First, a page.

Suffice to say, Wolf Alice have had a whirlwind of a year. The hype surrounding the release of their debut album My Love Is Cool catapulted them from being the shy kids at the back to the forefront of the British indie scene. They started making waves in the music industry with the release of their early EPs, but it was My Love Is Cool that demonstrated their versatility and raw potential.
Joff Oddie, guitarist and one of the founding members of the band, is not unaware of how surreal the whole experience has been. On the reaction to their album release, he says, “it just kind of went to fuck.”
“Glastonbury week was a big week for us. It was the album release, and we got the news on the Sunday. We spent the beginning part of the week in LA; we played a show in LA and we played the Conan show. So we had to make it back to London, feeling jetlagged and weird, kind of got on the bus to go down to Glastonbury, played two really fun shows, and have the album come out.”
He says this very casually, downplaying the importance of it all. This humility is even more noticeable when talking about Wolf Alice’s presence in the British indie scene. When asked if he feels that Wolf Alice is spearheading the British indie scene, Joff brushes this off, saying, “I don’t think we are, really. I think the indie scene’s a kind of organism in itself. I wouldn’t dare to say that we’re spearheading anything, really. We’re just doing our own thing. And other people are doing their own things as well, so.”
Joff notes particularly the camaraderie of the current scene, joking that “everyone’s human I think there’s a certain level of competitiveness, but it’s all very sporting.” He says that “everyone is very supportive. We’ve yet to go on tour with a band where we haven’t ended up going away and going ‘Aw they’re nice’. Which is pleasant.”
Wolf Alice also do their fair share when it comes to helping out other bands. Just as Swim Deep’s Austin Williams urged their crowd at Glastonbury to go and buy My Love Is Cool, Joff names Drenge’s second album, Undertow, as his favourite record of 2015. “I think they took that into a really cool place. It’s really dark and it’s great. And they’re obviously an incredible live band as well.”
The evolution of the band itself feels like a stroke of pure luck. The originals bassist and drummer went to nursing college and broke their arm respectively, so replacements had to be found. “Those replacements were Theo and Joel,” Joff admits. “It was through our manager at the time, who was a friend of ours, and a friend of Theo and Joel’s as well. And it stuck.”
Joff says that even in those early days, they had a clear idea of what they wanted to do. “We started to kind of fiddle around a little bit then. That was kind of more towards what’s going on now, in that electric vein.” Although the soft and breezy vibe of early songs like ‘Blush’ seem a world away from the swelling rock of ‘Giant Peach’, traces of their origins can be seen in tracks like the lilting beauty of ‘Swallowtail’.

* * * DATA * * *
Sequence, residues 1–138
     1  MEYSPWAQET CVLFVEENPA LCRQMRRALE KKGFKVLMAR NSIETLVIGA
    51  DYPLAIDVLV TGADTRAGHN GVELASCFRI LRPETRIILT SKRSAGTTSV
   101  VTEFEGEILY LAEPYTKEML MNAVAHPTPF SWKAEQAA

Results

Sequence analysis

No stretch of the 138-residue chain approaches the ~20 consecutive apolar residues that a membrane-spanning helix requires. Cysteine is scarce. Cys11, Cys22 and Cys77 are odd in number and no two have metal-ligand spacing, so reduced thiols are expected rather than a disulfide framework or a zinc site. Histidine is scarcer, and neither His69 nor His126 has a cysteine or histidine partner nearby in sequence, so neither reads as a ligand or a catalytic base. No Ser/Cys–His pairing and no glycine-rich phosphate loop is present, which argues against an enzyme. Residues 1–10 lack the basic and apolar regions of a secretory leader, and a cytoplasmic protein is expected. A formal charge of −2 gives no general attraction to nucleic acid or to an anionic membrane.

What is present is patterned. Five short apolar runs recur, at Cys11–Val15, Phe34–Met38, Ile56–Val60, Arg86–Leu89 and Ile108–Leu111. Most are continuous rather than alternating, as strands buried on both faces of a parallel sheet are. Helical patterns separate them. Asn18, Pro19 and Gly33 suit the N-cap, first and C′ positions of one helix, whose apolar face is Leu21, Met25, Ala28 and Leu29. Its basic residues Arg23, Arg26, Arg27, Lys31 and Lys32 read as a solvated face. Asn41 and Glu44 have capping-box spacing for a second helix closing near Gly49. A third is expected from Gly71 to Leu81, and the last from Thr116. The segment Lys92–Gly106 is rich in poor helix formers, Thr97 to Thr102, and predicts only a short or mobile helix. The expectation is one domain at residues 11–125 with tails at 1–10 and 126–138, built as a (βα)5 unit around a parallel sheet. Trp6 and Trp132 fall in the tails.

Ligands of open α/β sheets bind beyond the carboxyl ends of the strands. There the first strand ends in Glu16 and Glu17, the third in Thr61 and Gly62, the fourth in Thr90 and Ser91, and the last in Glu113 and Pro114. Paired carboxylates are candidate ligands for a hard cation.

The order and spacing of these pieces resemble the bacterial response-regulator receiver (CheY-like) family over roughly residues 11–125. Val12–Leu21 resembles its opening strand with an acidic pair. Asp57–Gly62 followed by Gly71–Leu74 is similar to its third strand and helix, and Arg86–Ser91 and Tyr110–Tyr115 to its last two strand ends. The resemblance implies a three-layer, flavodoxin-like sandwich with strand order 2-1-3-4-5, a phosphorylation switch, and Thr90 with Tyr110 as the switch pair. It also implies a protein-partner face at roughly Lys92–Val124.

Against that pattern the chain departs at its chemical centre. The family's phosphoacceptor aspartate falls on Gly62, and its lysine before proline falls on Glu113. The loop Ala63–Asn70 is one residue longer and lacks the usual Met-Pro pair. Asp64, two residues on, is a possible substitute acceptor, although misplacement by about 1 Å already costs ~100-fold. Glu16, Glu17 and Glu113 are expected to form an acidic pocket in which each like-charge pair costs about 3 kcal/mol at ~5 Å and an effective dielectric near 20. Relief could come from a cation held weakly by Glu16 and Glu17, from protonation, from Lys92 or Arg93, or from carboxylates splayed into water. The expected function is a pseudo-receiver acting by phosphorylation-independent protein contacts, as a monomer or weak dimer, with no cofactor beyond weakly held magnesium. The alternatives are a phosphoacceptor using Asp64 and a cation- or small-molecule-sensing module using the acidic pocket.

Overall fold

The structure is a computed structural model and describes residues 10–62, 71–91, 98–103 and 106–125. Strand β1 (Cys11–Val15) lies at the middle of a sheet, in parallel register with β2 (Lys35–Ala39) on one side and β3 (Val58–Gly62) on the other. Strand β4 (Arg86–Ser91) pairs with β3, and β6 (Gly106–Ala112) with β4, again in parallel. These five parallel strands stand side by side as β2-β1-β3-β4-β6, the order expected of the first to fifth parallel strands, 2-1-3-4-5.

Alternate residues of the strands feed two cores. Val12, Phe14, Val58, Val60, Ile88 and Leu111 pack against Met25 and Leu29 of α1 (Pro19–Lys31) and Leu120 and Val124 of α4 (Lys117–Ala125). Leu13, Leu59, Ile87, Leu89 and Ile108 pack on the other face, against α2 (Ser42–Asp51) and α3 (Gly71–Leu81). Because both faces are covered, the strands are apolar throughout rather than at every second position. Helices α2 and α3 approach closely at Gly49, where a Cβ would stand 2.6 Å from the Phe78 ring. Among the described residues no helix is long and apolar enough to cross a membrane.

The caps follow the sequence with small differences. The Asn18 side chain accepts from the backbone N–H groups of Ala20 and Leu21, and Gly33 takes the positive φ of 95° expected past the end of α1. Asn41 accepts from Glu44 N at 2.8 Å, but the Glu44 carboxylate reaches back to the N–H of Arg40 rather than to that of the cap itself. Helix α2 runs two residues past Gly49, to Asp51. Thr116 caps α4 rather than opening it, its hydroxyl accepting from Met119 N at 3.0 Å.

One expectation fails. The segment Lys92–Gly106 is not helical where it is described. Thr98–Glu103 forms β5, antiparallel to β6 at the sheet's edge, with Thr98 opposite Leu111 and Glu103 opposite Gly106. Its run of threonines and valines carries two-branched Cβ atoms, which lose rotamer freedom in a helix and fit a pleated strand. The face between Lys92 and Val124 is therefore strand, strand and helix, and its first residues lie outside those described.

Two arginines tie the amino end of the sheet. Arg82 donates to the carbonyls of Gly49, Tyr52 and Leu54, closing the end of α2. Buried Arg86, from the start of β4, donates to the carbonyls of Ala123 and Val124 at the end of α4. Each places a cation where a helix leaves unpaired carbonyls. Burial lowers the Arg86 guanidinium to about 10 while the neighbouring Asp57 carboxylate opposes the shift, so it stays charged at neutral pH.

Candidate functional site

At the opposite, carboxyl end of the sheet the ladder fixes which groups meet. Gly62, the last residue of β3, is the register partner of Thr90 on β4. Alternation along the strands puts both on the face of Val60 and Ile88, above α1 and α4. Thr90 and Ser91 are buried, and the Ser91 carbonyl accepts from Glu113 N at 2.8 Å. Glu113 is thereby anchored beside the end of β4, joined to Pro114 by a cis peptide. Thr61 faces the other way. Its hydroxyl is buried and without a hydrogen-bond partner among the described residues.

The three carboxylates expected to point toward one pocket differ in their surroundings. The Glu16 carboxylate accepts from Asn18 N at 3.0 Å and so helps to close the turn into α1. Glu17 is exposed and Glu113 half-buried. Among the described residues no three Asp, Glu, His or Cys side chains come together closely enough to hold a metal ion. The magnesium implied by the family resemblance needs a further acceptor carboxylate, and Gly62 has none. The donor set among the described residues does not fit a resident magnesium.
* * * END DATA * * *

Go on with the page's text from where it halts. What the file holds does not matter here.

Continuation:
This can be put down, at least in part, to their off-the-cuff writing process. “We’re fairly lucky in that technology is fairly good now. I do a lot of my demos just on my mobile, on GarageBand. You can plug your guitar in and you’re away.”
“We’re kind of figuring out how is best to do it, especially when we’re on the road so much, so we’re kind of learning how to do that now. I guess the proof of the pudding will be in the eating, on the second record, so we’ll find out if we’re rubbish at it.”
Wolf Alice already feel like such a staple band who take fame in their stride, but it’s a sign of how well they have managed to mask their fumbles. In reality, they are exactly the same as the shoegazing, dedicated, dream-chasing adolescent following that they have accrued over the years.
Wolf Alice really are just like every other teenager who ever dreamed of being in a band. Joff acknowledges this, saying their influences are “just the fucking typical ones. I guess we could say things like Queens of the Stone Age, Velvet Underground…” From these influences, Wolf Alice have undoubtedly been inducted into the most complementary hall of fame in existence: an admiring poster on the wall of a teenager’s bedroom.
Looking forward to what the future has to offer, Joff says that “we’re all really excited about the great unknown, really. What the record is gonna sound like. It’s kind of exciting and terrifying.” In terms of new material, Joff talks about “putting this album behind us and focusing on the new stuff. We’ve been playing these songs off the record a lot, [but] we’re fairly comfortable with where we are.”
For all those thirsting for a new Wolf Alice record already, Joff quips that “My Love is Cool 2” is in the pipeline. “We’ve started to trade ideas and play tunes.”
In an industry intent on pushing bands to their limit, Wolf Alice still possess that wide-eyed freshness that resists manipulation. Every experience is another string to their bow, from playing Glastonbury to DJ-ing at Leeds’ beloved Wire. With the excitability of small puppies, combined with a healthy dose of British cynicism, they will continue on their own terms, at their own pace, with guaranteed quality.